Phish has hit quite the stride in 2014. Amazingly, and unlike nearly any other band with a vintage of over 30 years, they continue to be fresh sounding. The band is playing as well as ever before in their careers, mixing songs of all their eras together seamlessly, and all playing with a keen ear for one-another. What other band of similar age is able to do this, able to put together a show that’s anything but nostalgia. I have to admit in 2009 I feared I’d only be seeing Phish for the nostalgic feeling it gave me–what a joy it is to see them continue their legacy of improvisation, creativity, and overall freshness (I’ll probably use the word “fresh” a lot in this piece).
The band opened up their mid-week two-night stand at nTelos in Portsmouth with another unorthodox opener and pairing–a common theme among many shows this summer. Timber opened up its first show ever and used the rolling drums to go into Undermind. One of my favorite things to watch this year is how they put songs from one era next to another, showcasing just how dynamic they have become over the years. The set opened and closed with covers not yet played this year, GTBT closing (an unorthodox first-set closer).
The first sets are also moving from throw-away song-based efforts to truly tight and thoughtful song playing and placement. Melts in 3.0 were hitting a creative wall in my opinion. All of them falling off into noisy ambiance where no one knew what was going on. Virginia’s, while dissonant and spacey, was played with a group mentality. It’s really quite enjoyable and brought darkness to this daytime set.
Both second sets of this run opened with quality jams: Chalk Dust Torture and Fuego. Both jams were about twenty minutes and featured various musical segments of Type-II jamming. Both jams also had a quieter or understated edge to it. Gone are the days of 3.0 where Trey’s blowing speakers out with screeching notes and overpowering riffs. These jams are turned down a notch in a most contemplative manner. Quiet and understated doesn’t mean tame or dull. These jams highlight their full-band improvisation better than any other year of the era, and perhaps since 1.0. There’s just a mature feeling to their fresh takes on 1.0 songs like CDT and brand new 3.0 songs like Fuego. It’s actually totally stunning they’re able to still create new-sounding jams out of songs that have been around for almost 25 years.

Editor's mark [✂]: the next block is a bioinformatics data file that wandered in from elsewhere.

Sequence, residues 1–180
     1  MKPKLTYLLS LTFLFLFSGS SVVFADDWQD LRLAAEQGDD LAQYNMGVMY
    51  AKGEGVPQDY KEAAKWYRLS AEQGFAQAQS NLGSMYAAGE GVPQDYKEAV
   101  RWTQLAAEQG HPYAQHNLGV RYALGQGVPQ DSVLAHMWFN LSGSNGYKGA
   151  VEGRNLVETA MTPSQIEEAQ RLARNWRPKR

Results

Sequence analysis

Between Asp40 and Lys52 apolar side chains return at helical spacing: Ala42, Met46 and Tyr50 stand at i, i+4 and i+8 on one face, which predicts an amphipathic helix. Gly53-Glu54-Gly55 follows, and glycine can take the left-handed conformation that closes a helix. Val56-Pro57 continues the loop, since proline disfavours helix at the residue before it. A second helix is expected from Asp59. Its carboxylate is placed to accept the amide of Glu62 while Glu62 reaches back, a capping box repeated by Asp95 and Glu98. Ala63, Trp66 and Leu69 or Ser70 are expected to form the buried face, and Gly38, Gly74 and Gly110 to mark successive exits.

It’s also nice to see Phish remembering songs that we love that don’t see the stage very often lately. The CDT blended so beautifully into the first If I Could in two years and the first Mountains in the Mist since the NYE run in 2010. Both of these rarities were treated with delicate emotion that surely matched the feelings of the crowd while being played.
The second set of the first night went through a number of songs that didn’t quite take off but all were played well. The ASIHTOS was no doubt too short. The jam was mind-bending and eerie that ended far too soon for Mike’s Song. The Weekapaug intro lacked the teeth recent versions boasted and unfortunately after ASIHTOS the set was on a downward trajectory. Not so is the case following the show-stopping Fuego that led into a funky Gotta Jibboo.
Meatstick was placed right in the center of the set. Normally this isn’t the most desirable situation. A goofy song that has Japanese lyrics and a crude dance can suck the life out of a great-flowing set of improvisation. Not last night. This Meatstick opened up after the lyrics into an free-form funk jam. The crowd went bonkers. Looking back, we can see it’s not terribly long but at the time it was magical not knowing how long it would go. The 10+ minute song found its way into a Piper that reached over 12 minutes long full of melodic rock jamming. They opted to make this jam, too, more thoughtful than just straight forward “play rock as fast as we can” which Piper often is. What happens at the end is my favorite though. Piper just drops like a feather in to a glorious Billy Breathes. Billy Breathes, right up there with Lifeboy, is one of the best landing pads ever. No song, not even Wingsuit, can compete for that title.
Seven Below finally was played after Billy Breathes–a song not played nearly enough and not jammed out nearly enough anymore. It’s unfortanute that Number Line was longer than the 2.0 gem, but it does show how dynamic sets are becoming.
Phish is playing completely unpredictable shows from song placement throughout a show to what songs will be improvised. Phish is quite literally as fresh sounding as they ever have been with new and old songs alike. Phish is making themselves a live act not to be missed once again, a band to travel far for (which can’t be said for early 3.0). And they are having fun while doing it, just listen to these ridiculously funny soundchecks from the two night stand: